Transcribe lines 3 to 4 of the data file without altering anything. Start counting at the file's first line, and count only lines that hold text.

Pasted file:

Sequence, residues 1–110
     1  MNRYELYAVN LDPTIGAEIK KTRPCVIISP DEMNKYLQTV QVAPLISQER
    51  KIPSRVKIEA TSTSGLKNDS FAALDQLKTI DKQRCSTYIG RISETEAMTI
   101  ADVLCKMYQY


    51  KIPSRVKIEA TSTSGLKNDS FAALDQLKTI DKQRCSTYIG RISETEAMTI
   101  ADVLCKMYQY